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2020 Is The Year of Digital Healthcare, But What Do We Build Next?

Global healthcare has been rapidly transformed over the past decade through the adoption of new technologies, but huge societal issues still remain. 

Stretched budgets, ageing populations and the rise lifestyle-related diseases are collectively exerting strain on health systems, leading to unaffordable costs and restricted access to treatments.

Throw in a worldwide pandemic restricting face to face interactions and it’s clear to see that healthcare models need to change to meet future needs. 

Now is the time for start-ups and industry players to look beyond replicating existing health services with digital options and build future-proof platforms with the aim of completely transforming how care is delivered.

For anyone looking to bring new digital health products and technologies to market, we believe these are the key areas that require new propositions and platforms.

Digital Healthcare in 2020

Assisting With The Total Digital Transformation of Care

Despite the rise of video consultations, online services and remote communications, patient care remains largely un-digitised in many core areas. 

According to NHS data from May 2020, only 25% of patients are able to currently book and cancel appointments online, with less than 10% able to view detailed records. This indicates a clear opportunity for further technologies to be developed, which seems to be backed up by demand from the general public.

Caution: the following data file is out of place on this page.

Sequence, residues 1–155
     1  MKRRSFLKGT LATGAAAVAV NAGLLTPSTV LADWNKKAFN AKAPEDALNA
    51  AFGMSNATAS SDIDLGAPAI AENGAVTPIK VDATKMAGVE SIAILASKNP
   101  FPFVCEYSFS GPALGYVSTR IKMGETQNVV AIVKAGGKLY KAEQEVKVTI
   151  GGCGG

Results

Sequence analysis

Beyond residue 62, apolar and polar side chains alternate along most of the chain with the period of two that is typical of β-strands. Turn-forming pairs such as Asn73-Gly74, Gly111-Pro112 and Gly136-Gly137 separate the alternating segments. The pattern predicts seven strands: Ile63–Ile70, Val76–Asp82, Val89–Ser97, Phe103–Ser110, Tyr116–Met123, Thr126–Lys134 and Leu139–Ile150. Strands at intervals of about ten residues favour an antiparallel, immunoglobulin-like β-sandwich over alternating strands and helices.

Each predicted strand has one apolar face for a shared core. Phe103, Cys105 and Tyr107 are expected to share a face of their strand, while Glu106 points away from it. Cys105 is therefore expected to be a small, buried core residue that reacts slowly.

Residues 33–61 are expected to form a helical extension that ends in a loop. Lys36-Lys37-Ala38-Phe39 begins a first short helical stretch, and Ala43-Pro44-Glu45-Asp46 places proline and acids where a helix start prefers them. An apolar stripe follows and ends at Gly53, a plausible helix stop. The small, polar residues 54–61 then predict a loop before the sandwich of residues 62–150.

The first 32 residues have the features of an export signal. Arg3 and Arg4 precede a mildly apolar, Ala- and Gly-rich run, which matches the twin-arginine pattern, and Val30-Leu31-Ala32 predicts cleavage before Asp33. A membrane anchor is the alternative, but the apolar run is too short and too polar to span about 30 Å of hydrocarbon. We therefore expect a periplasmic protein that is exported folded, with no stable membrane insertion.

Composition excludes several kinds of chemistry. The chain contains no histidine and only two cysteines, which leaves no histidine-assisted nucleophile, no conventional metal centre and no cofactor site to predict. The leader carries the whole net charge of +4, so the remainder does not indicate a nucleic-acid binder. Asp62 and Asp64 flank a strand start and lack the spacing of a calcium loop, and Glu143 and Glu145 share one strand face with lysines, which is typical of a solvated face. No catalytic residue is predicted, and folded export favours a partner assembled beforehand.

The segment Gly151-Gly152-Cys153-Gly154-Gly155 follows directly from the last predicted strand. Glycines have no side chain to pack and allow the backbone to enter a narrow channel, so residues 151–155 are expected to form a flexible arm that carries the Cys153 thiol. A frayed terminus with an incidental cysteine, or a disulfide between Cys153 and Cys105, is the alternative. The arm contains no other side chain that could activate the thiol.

myGP, who build technology dedicated to improving access to GP services, has witnessed a substantial increase in users accessing their services.

“Online repeat prescription ordering is up 225% since May last year via myGP. Our overall transaction volume has increased and for all features, we have seen an increase of 167% since last May. Transactions across all features peaked in March at almost 27m transactions.”

If public demand exists for digital services across the spectrum, why is the sector so slow to adapt?

A 2019 survey by Virgin Media Business reports that 77% of UK health and social care organisations surveyed feel as if they have too many competing priorities to make digital and technological change worthwhile. 

This lack of appetite for digital change appears to be underpinned by lack of in-house expertise and existing technology barriers, 82% point to incompatible technology and legacy infrastructure in use, while 78% are concerned about siloed data held in disparate systems.

These are clear pain points which can be addressed by new platforms which have taken the time to understand how they can embed themselves into a complex ecosystem which has been cautious to adopt new technology. 

This requires a solid focus on service design, interoperability and data management, alongside a deep awareness of exactly how the new platform will help providers deliver their goals.

Empowering Patients With Personalisation and Data

Personalised care forms the heart of Chapter 1 of the NHS Long Term plan, which outlines that changes will be put in place to ensure “people will get more control over their own health, and more personalised care when they need it.”